Sound is one of the most powerful elements of the human experience. Different forms of sound that we hear every day influence us more than we would know: the disturbing noise of an angry mob inducing anger, fear, or helplessness; or a calm classical sonata inspiring self improvement thoughts. Our response to sound is both conscious and unconscious. Pleasant sound boosts our endocrine system and releases good, relaxing hormones which make us feel ecstatic whereas noise makes us react in hidden physiological ways in an exact opposite and negative manner. You may not realize this, but if you stay anxious or angry, it just might be because of the sounds you hear every day.
Our reaction to sound goes back to the chain of human evolution, when our ancestors reacted to and relied upon their surrounding noises for their safety and survival. A low growl from a predator or the ear-splitting crack of thunder meant danger, and our bodies reacted accordingly. Adrenaline rushes, higher awareness, blood flow away from the digestive system and to the limbs – these bodily states combined together put us in a fight-or-flight mode. Although we don’t have to face all those dangers in our lives now, but our bodies still react to sound and produce appropriate reactions.
Fast forward to the present day, we have managed to put too many sources of unwanted noise around us and have yet to evolve out of our subconscious, involuntary physiological reactions to it. Long lines of vehicles honking behind you at a signal, wailing sirens next to your homes, the constant whirring of the fan, the wall clock not-so-silently ticking life away: we have created an ocean of artificial sounds around us which adds a great deal to the huge amount of stress already dumped over us every day.
Now while we cannot control the traffic outside our homes, we most certainly can take small steps to procure some silence in our lives.
Listen to the silence.
Use your leisure time to read a book or solve a crossword puzzle instead of browsing the internet with the TV on in the background. This will not only help you to harness the power of silence, but will also allow for the inception of self improvement thoughts.
Bond with Mother Nature.
Listening to natural sounds such as the chirping of birds in the morning or the sound of a faraway cricket brings about immediate positive changes in your body’s hormonal system, releasing an ample amount of dopamine and hence makes you feel relaxed.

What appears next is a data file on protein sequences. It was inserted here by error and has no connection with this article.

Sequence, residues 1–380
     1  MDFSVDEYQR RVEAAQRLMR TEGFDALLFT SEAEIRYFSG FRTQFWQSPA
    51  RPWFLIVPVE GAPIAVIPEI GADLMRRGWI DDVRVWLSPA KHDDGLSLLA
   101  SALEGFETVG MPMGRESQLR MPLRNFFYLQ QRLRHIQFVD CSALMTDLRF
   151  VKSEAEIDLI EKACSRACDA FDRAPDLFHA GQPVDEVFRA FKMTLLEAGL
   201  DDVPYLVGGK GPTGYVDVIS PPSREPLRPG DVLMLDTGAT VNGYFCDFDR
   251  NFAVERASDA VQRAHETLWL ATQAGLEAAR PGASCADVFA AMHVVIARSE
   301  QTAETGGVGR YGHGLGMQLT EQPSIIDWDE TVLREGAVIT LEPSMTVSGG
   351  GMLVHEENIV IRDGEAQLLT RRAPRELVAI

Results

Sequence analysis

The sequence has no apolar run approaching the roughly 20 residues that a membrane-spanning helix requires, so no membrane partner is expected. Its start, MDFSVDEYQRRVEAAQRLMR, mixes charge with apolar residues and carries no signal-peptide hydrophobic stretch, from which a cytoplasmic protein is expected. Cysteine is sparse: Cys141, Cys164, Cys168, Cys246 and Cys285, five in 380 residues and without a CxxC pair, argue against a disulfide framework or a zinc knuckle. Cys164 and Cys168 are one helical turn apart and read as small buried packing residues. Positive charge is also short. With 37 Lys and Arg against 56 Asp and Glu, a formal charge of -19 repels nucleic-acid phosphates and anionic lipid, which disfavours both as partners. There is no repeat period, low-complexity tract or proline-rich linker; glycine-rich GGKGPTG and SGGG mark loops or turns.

The sound of silence.
Silence, when given a chance, will surprise you with its ability to spark your inner creativity and self improvement thoughts. Try experimenting with total silence instead of background music while you work and find out for yourselves how impactful the experience can be.
Take a respite from electronics.
For a weekend each month, when the work pressure is not so much and no important calls are expected, switch off all your electronic devices and retreat into the stress-free silence born out of the expiry of constant dings and rings and beeps and whirrs. Have conversations with loved ones, spend time in a park, go for a long walk, and you will experience the magic of silence.
The above pointers provide some quick fixes you can take to notice immediate relief. For more permanent solutions for relishing in an aura of a healthy, silent home, you will need to make a couple of changes.
- Use thick rugs, carpets, and other sound-absorbent decorative items which will captivate all the stray, unwanted noises and provide a calm atmosphere in your home. Using thick and textured multi-folded drapes for your windows will not only make for an excellent sound sink, it will also give the house a touch of royal finesse.
- Investing in plush, soft furniture like leather-covered sofas which sink in when you sit on them will not only give the house a Victorian elegance and class, it will also help curb stray and useless noise in the home.
Photo Source: geralt